Consumers often have a few questions about which type of financial institution can best meet their needs. It’s important that as community banks, we have a clear and ready response, because there can be a lot of confusion about the differences between a credit union and a bank.
As President and CEO of ICBM, I want to provide some clarity to a response written by financial expert Dave Ramsey in his “DaveSays” column appearing in the Rochester Daily Bulletin.
Ramsey’s explanation of the differences between a credit union and a bank are that banks are owned by shareholders, with profits returning to the shareholders through dividends or a climbing stock price. By contrast, a credit union is a nonprofit entity and any “profit” is “returned to the members” with services and rates, or even a disbursement check.
Ramsey argues that credit unions’ non-profit status is misunderstood as having an unfair advantage, because, as he argues, a “bank could do the same thing if it were willing to make less profit.” Some of Ramsey’s statements are inaccurate and one-sided, so here are a few insights that he left out in his assessment.
On credit unions operating as a non-profit: While credit unions do have the distinction of being non-profit in terms of how the IRS categorizes them, they are far from being non-profit in practice. The ten largest credit unions in the Twin Cities had profits totaling near $120 million in 2016. Across the United States, there are close to 300 credit unions that have assets of $1 billion or more, and executives receive six- and even seven-figure compensation packages. In addition, these credit unions claim the naming rights for an NBA arena and advertise during NFL games. Doesn’t sound much like a non-profit entity, does it?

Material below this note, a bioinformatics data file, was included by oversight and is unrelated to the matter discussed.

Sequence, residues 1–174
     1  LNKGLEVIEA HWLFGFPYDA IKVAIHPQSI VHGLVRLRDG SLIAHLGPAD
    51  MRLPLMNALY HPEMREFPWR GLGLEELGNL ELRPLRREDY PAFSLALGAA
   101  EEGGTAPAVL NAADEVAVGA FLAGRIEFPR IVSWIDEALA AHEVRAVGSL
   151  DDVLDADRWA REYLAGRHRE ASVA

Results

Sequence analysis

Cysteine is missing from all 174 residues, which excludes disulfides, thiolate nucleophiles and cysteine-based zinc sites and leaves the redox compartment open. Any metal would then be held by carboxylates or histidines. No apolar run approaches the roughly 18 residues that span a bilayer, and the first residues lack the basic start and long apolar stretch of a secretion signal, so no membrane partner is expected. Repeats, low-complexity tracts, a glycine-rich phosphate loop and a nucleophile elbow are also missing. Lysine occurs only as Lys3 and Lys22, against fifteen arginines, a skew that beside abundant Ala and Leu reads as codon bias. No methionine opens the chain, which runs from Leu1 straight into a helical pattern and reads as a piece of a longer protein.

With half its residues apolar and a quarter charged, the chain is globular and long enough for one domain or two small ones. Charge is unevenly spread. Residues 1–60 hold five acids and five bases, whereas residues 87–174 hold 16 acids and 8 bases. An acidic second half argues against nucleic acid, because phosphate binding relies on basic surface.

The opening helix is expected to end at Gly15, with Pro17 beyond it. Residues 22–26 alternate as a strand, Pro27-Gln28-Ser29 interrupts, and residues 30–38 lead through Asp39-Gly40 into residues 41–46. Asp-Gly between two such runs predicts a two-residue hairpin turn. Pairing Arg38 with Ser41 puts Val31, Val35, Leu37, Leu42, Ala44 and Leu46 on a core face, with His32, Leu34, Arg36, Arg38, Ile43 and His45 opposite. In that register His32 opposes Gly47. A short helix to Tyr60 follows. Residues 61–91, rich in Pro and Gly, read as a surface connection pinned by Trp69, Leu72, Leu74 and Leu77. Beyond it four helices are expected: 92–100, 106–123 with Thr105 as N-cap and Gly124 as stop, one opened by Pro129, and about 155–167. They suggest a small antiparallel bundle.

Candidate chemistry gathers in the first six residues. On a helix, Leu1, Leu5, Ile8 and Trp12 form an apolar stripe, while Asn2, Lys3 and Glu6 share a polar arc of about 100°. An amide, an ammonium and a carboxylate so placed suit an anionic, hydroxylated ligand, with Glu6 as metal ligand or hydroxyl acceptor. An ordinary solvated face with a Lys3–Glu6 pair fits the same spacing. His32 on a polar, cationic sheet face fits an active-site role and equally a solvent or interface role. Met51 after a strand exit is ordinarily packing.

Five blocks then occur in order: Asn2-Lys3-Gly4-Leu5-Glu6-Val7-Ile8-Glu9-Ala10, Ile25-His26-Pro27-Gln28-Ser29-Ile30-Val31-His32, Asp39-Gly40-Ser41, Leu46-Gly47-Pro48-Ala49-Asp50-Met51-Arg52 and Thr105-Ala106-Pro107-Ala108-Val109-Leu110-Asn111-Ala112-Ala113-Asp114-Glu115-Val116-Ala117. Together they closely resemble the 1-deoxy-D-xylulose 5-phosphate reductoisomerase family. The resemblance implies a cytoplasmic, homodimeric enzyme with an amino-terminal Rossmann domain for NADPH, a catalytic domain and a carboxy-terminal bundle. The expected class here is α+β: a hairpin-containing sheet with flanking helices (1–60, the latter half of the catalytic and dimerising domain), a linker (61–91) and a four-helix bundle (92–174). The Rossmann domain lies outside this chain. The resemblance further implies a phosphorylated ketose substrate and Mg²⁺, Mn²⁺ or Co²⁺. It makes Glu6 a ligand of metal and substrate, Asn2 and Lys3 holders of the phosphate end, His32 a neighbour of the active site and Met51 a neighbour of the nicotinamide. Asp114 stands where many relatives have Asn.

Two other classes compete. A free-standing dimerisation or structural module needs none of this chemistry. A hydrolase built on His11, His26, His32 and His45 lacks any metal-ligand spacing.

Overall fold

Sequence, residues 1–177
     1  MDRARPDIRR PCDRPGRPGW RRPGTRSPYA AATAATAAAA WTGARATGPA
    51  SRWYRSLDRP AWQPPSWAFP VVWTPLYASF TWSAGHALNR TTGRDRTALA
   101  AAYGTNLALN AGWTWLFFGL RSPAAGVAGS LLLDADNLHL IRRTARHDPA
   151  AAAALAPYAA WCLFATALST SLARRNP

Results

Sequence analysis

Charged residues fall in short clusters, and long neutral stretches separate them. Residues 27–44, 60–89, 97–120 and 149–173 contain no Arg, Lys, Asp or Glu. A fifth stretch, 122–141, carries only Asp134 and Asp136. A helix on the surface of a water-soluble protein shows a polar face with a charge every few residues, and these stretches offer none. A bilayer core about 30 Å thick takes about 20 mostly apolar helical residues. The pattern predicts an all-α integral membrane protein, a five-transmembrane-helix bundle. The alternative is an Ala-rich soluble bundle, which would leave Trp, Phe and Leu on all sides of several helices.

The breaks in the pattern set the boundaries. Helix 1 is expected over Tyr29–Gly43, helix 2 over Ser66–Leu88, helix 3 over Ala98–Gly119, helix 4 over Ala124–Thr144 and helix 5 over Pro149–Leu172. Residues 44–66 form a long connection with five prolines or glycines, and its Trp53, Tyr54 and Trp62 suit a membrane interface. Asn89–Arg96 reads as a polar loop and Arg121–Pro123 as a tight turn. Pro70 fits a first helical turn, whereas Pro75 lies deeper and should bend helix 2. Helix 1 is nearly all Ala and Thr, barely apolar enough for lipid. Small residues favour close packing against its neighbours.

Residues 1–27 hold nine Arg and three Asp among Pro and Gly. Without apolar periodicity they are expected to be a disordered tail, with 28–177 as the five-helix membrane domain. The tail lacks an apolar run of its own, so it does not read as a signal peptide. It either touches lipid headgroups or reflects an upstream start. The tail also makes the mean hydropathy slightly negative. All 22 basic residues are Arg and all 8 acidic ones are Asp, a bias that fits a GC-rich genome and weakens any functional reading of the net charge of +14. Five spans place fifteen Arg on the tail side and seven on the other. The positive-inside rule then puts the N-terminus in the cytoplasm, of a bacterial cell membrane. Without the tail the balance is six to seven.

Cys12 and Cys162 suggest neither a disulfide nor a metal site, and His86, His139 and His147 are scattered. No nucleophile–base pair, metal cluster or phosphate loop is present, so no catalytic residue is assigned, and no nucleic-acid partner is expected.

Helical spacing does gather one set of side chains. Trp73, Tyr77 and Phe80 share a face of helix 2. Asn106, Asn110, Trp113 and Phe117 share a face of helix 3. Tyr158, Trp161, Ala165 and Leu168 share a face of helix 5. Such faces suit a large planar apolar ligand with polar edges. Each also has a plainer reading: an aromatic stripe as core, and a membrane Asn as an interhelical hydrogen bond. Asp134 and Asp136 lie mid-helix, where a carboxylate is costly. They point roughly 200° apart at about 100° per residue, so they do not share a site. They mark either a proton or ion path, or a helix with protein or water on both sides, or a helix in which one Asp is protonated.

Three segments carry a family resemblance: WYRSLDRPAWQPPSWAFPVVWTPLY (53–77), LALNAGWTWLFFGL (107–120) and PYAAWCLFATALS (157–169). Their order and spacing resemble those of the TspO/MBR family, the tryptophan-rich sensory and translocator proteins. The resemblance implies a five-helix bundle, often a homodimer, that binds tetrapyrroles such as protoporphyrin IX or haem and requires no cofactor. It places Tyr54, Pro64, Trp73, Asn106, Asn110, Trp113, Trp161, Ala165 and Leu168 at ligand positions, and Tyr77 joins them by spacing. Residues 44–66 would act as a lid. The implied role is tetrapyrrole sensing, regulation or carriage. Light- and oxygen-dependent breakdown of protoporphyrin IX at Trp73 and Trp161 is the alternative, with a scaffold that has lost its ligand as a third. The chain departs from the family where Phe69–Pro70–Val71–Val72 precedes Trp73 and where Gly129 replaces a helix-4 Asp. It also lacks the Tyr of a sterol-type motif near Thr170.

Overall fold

On credit unions not having a perceived advantage: It’s not just perceived; credit unions have a real advantage in the ability to be highly profitable, yet never pay taxes on those profits. Overall, credit unions have strayed from their original purpose, and many of the lending restrictions and “common bond” membership requirements are no longer in effect. Credit unions effectively operate as a bank, with a non-profit status that provides a 30 to 40 percent pricing advantage over community banks, which are required to pay taxes.
On the real cost of credit unions: Taxpayers are shouldering the burden of credit unions’ non-profit status. The Congressional Joint Committee on Taxation has reported that by 2020, the credit union tax exemption will have cost taxpayers $3.2 billion annually. While eliminating credit unions’ non-profit status won’t solve all the nation’s budget issues, it would certainly be a good start.
Community banks have just as little to do with large, profitable credit unions as they do with Wall Street banks. The distinguishing features of community banks have to do with our ability to keep financial decisions close to home and invest in the people and businesses that help the community thrive. Community banks prioritize these practices, along with meeting regulatory benchmarks for earnings and paying income taxes.
Membership in ICBM provides you with the insight and resources you need to answer questions like these about the advantages of doing business with community banks. It also gives community banks a united approach to counter misleading information about our industry. Give ICBM a call to learn more about the benefits of membership.